LSU football: 5 biggest holes to fill in 2021 starting lineup
LSU is losing just 4 starters from its 2020 team.
But that doesn’t mean there aren’t more holes to fill, important competitions for key positions.
The Tigers have a lot of improvement to do to get from their 5-5 record last season to where they want to be in 2021 – headed back to being a contender in the SEC West.
If that’s going to happen it’s going to require individuals providing upgrades in starting positions beyond just those vacated by players no longer in the program.
Here are the 5 biggest holes to fill in LSU’s 2021 starting lineup:
WR: Kayshon Boutte replacing Terrace Marshall Jr.
The receiving corps depth chart never fully stabilized last season.
The group was led by Marshall, who was followed by a committee approach. Then Marshall left the team late in the season and there was a scramble to redefine roles.
It was a cloudy picture at the end of last season, but it should be much clearer next season – especially at the top.
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Jaray Jenkins, Koy Moore, Trey Palmer and others will have useful roles next season, but Boutte, who set an SEC single-game record for receiving yards in the season-ending victory against Ole Miss, will by the clear-cut No. 1 receiver – just as Marshall was before leaving, just as Ja’Marr Chasse was before leaving last preseason.
LT: Dare Rosenthal replaces Cameron Wire
This will be a preseason battle.
Rosenthal is attempting to replace Wire just as Wire replaced Rosenthal last season. Rosenthal was the left tackle before being suspended. Ware filled in ably and held on to the position even after Rosenthal returned.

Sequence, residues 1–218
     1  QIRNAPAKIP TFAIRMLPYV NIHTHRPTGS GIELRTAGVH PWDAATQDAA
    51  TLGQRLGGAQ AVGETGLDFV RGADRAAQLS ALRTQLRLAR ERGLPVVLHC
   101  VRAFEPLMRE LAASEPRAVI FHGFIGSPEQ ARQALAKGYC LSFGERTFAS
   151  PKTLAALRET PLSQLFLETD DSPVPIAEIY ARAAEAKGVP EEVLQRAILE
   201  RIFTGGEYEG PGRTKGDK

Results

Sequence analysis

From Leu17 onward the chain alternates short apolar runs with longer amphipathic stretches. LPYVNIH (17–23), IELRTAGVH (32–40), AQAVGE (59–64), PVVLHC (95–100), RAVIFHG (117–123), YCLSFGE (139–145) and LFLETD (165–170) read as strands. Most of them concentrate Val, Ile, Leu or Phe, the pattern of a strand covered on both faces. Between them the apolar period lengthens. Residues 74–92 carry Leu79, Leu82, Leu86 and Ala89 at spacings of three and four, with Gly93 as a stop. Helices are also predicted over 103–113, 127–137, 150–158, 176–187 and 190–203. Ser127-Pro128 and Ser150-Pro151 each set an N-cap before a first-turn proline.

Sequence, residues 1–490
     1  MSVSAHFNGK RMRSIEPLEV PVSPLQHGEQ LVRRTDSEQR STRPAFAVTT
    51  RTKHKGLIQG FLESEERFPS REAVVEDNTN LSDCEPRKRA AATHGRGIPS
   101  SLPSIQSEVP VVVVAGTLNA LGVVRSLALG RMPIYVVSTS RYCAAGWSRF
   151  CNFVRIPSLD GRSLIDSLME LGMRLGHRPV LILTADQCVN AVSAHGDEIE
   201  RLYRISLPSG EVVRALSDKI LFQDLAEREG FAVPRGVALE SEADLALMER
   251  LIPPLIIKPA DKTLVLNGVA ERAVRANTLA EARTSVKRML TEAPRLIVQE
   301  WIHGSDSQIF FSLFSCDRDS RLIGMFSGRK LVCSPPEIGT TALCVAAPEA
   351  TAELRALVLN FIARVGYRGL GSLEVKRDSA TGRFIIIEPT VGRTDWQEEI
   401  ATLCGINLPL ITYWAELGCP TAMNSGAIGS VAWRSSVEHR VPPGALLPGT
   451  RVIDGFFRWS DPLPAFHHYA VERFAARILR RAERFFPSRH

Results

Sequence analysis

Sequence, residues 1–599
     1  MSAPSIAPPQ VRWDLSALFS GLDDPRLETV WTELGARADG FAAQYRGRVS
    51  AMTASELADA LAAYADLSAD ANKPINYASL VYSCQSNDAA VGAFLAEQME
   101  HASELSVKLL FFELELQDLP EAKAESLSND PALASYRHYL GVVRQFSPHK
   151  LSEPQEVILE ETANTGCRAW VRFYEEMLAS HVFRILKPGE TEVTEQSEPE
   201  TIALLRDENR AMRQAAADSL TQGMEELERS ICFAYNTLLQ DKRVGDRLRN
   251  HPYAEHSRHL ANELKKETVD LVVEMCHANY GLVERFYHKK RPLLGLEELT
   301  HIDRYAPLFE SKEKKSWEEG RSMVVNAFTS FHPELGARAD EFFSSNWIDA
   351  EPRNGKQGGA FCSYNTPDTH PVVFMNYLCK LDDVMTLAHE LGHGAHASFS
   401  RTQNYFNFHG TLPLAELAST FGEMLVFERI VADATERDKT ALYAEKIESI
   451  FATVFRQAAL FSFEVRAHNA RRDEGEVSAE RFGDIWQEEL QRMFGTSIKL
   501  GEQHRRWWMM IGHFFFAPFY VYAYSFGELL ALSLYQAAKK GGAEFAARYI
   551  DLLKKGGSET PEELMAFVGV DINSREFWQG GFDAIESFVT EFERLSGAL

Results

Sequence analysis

After flirting with leaving the program, Rosenthal decided to return for next season. He’s a potential star if he can stay focused.
Rosenthal is the favorite to win this competition, but the Tigers are happy to know that Wire is a part of that competition.
TE: Kole Taylor replacing Arik Gilbert
Gilbert showed flashes of what made him the highest-rated tight end to ever arrive at LSU but was never consistent before leaving the program and ultimately saying he planned to enroll at Florida.
Speaking of Florida, Taylor’s notoriety so far is limited to his shoe being hurled upfield by a Gators defender, drawing a penalty that was instrumental in LSU upsetting Florida in December.
But Taylor will have a much greater opportunity to make news in more conventional ways as the starting tight end next season.
LB: Navonteque Strong replacing Jabril Cox
Cox was one of the Tigers’ top defenders in his one season as a graduate transfer from North Dakota State. The hole he left behind is one of the most important ones for LSU to fill.
Strong, a JUCO transfer, is the newcomer who seems most likely to earn a starting position and fill that hole.
Cox was the top playmaker in a unit that didn’t make enough big plays last season. LSU is counting on Strong leading the way as the unit makes a lot more big plays next season.
S: Maurice Hampton Jr. replacing JaCoby Stevens
Stevens is leaving behind another significant hole to be filled on the defense.
Hampton showed his versatility by starting a handful of games at multiple positions in the secondary last season and that versatility and experience make him the favorite to ascend to Stevens’ former position.
The Tigers were talented but inexperienced and susceptible to big plays in the secondary last season.
LSU allowed more completions of 20+ yards (55), 30+ (31), 40+ (21) and 50+ (13) than anybody in the SEC. In 2018, the Tigers allowed just 1 completion of 50+ yards and just 4 completions that covered more than 40 yards. Last year, they allowed
They will again be talented in the secondary next season and Hampton is one of the players being counted on to provide maturity that makes LSU less susceptible to big plays.